We are absolutely obsessed with these purple and black tie dye sweatpants which are more of a jogger, as they’re thin and super stretchy. The pants have a fitted silhouette and are high-waisted so you can pair them with a cute crop top and you’re good to go. While they’re fitted at the top and on the thighs, they’re baggier from the knees down and end at the banded ankles. $45, asos.com

ASOS

6. RAISEVERN Sweatpants

You will surely make a statement in these bold and bright colored tie dye sweatpants! They have an adjustable elastic waist with drawstrings and thick banded ankles, plus, the best part is, they have two large pockets on the sides. These pants look so similar to the tie dye sweatpants set that J-Lo rocked recently and they’re less than half the price! $24, amazon.com

rainbow tie dye

7. Urban Outfitters Urban Renewal Monochrome Tie-Dye Sweatpant

These high-waisted tie dye sweatpants in black and white are upcycled and made from cotton jersey fleece which is super cozy. They’re high-waisted and have a cinched elastic waist as well as tapered ankle cuffs which makes them flattering. The sweats are fitted at the thighs and get baggier from the knees down and the neutral colors allow you to rock the trend a bit more subtly. $49, urbanoutfitters.com

Urban Outfitters

8. Irevial Tie Dye Pants

Aside from tie dye being one of the biggest trends this season, pastels have also been a big hit, which is why we love these sweatpants because they cover both trends in one. They’re available in 14 different colors and they’re super lightweight and soft which makes them breathable and comfortable enough to wear all day and night. Equipped with two side pockets, an elastic waistband with a rope drawstring, and ankle cuffs – you are going to want to live in these sweats. $20, amazon.com

pastel tie dye

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Netflix is developing a live action ‘Assassin’s Creed’ show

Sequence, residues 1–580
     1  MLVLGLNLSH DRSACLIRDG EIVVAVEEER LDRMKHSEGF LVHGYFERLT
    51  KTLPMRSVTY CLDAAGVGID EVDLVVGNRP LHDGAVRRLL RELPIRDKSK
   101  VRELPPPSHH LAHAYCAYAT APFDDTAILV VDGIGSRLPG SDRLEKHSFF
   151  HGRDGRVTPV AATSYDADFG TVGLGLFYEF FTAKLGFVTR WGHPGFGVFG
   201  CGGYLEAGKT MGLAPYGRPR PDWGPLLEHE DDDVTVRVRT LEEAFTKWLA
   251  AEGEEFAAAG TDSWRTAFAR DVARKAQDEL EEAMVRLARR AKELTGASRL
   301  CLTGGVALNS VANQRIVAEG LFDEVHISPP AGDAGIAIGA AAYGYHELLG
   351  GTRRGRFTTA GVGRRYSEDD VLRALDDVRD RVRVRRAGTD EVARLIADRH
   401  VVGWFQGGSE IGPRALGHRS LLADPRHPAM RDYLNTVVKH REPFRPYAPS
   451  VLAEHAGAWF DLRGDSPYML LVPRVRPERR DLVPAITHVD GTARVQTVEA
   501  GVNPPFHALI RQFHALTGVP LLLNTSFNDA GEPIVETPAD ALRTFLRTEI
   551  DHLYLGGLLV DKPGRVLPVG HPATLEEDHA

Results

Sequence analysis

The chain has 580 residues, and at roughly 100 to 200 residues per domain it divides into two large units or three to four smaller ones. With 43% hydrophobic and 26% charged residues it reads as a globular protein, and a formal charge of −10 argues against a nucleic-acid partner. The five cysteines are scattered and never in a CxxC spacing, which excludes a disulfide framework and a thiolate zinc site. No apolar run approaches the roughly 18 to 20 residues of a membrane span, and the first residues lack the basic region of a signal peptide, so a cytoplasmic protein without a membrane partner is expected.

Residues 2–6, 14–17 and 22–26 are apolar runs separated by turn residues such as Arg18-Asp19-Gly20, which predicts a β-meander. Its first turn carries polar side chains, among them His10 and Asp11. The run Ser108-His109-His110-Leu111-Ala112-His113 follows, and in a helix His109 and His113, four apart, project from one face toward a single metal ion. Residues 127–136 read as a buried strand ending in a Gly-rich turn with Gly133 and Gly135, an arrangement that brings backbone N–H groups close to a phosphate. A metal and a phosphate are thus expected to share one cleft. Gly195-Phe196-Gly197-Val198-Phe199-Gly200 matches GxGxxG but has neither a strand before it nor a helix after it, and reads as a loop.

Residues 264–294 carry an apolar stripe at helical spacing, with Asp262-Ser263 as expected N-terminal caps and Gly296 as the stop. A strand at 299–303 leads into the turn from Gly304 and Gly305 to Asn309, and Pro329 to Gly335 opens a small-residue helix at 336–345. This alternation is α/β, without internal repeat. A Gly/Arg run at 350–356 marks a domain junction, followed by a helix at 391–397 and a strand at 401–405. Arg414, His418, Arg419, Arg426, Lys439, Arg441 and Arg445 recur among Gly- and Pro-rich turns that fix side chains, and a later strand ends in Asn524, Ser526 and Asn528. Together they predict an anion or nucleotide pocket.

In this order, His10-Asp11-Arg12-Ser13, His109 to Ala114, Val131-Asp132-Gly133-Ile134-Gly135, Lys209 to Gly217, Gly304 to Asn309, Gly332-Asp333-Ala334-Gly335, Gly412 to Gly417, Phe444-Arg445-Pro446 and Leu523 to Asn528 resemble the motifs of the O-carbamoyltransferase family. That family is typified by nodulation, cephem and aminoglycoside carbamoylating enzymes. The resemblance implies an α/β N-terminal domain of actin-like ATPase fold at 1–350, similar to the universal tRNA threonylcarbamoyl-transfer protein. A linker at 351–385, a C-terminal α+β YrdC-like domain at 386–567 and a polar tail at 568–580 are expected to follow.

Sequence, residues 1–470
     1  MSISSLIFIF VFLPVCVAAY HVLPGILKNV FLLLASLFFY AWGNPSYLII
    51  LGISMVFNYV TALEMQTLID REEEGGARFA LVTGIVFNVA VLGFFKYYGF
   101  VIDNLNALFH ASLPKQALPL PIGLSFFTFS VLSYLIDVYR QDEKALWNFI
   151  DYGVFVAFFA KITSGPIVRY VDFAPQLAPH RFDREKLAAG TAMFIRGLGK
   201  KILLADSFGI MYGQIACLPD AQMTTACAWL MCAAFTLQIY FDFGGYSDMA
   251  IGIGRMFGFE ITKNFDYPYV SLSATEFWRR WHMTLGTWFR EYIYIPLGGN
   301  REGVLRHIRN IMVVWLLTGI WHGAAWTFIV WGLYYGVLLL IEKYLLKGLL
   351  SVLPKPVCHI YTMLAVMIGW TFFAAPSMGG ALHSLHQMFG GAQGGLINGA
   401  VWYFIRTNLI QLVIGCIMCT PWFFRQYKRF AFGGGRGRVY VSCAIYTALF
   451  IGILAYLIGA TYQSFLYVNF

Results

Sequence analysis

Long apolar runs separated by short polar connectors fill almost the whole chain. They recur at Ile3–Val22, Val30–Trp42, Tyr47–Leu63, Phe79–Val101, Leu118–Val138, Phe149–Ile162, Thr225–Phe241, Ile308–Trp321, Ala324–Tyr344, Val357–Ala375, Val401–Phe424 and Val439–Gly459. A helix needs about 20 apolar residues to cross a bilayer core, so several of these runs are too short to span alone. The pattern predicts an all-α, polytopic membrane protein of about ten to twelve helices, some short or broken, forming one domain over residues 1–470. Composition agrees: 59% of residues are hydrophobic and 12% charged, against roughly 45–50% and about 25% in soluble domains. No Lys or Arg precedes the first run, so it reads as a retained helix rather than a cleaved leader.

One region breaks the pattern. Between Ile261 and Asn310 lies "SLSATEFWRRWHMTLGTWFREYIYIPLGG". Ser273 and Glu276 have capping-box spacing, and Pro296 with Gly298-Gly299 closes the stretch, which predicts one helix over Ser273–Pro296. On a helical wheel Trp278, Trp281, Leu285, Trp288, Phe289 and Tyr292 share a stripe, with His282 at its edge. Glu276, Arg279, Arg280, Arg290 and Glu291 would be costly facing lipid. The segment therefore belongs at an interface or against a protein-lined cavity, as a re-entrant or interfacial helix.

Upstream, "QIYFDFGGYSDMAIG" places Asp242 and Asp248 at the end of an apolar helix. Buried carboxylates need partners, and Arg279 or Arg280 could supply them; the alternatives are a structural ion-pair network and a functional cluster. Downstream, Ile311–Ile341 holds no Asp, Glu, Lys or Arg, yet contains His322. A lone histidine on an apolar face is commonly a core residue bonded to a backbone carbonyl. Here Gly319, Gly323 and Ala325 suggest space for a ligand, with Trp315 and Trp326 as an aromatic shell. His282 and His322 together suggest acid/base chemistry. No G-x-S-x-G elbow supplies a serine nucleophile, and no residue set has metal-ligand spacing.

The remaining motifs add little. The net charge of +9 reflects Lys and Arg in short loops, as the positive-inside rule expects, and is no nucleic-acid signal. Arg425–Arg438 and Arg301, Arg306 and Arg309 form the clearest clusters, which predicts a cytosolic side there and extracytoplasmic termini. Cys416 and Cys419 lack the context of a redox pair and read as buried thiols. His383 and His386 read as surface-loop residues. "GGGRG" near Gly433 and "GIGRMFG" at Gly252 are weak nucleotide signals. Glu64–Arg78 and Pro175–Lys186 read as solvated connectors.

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Netflix announced this morning that it’s partnering with Ubisoft to adapt the game publisher’s “Assassin’s Creed” franchise into a live action series.

The franchise jumps around in history, telling the story of a secret society of assassins with “genetic memory” and their centuries-long battle the knights templar. It has sold 155 million games worldwide and was also turned into a nearly incomprehensible 2016 film starring Michael Fassbender and Marion Cotillard, which underperformed at the box office.

The companies say that they’re currently looking for a showrunner. Jason Altman and Danielle Kreinik of Ubisoft’s film and television division will serve as executive producers. (In addition to working on adaptations of Ubisoft’s intellectual property, the publisher is also involved in the Apple TV+ industry comedy “Mythic Quest.”)

“We’re excited to partner with Ubisoft and bring to life the rich, multilayered storytelling that Assassin’s Creed is beloved for,” said Netflix’s vice president of original series Peter Friedlander in a statement. “From its breathtaking historical worlds and massive global appeal as one of the best selling video game franchises of all time, we are committed to carefully crafting epic and thrilling entertainment based on this distinct IP and provide a deeper dive for fans and our members around the world to enjoy.”

It sounds like there could be follow-up shows as well, with the announcement saying that Netflix and Ubisoft will “tap into the iconic video game’s trove of dynamic stories with global mass appeal for adaptations of live action, animated, and anime series.”